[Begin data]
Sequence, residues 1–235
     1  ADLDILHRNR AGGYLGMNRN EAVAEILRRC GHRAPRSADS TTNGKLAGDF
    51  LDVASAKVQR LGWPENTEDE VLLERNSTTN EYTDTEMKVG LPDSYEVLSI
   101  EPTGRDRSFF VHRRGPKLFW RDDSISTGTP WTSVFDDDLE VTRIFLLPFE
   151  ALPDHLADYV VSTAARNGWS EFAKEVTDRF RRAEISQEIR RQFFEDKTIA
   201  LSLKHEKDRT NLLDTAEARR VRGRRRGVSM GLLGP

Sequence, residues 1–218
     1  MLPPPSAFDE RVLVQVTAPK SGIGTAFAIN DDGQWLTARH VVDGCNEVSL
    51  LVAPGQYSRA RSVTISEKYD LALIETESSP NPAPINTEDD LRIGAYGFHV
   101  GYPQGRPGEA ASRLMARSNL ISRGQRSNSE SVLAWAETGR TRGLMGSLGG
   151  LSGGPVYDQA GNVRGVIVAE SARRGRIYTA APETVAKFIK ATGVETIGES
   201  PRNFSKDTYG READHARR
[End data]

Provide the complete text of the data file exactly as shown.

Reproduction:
Sequence, residues 1–235
     1  ADLDILHRNR AGGYLGMNRN EAVAEILRRC GHRAPRSADS TTNGKLAGDF
    51  LDVASAKVQR LGWPENTEDE VLLERNSTTN EYTDTEMKVG LPDSYEVLSI
   101  EPTGRDRSFF VHRRGPKLFW RDDSISTGTP WTSVFDDDLE VTRIFLLPFE
   151  ALPDHLADYV VSTAARNGWS EFAKEVTDRF RRAEISQEIR RQFFEDKTIA
   201  LSLKHEKDRT NLLDTAEARR VRGRRRGVSM GLLGP

Sequence, residues 1–218
     1  MLPPPSAFDE RVLVQVTAPK SGIGTAFAIN DDGQWLTARH VVDGCNEVSL
    51  LVAPGQYSRA RSVTISEKYD LALIETESSP NPAPINTEDD LRIGAYGFHV
   101  GYPQGRPGEA ASRLMARSNL ISRGQRSNSE SVLAWAETGR TRGLMGSLGG
   151  LSGGPVYDQA GNVRGVIVAE SARRGRIYTA APETVAKFIK ATGVETIGES
   201  PRNFSKDTYG READHARR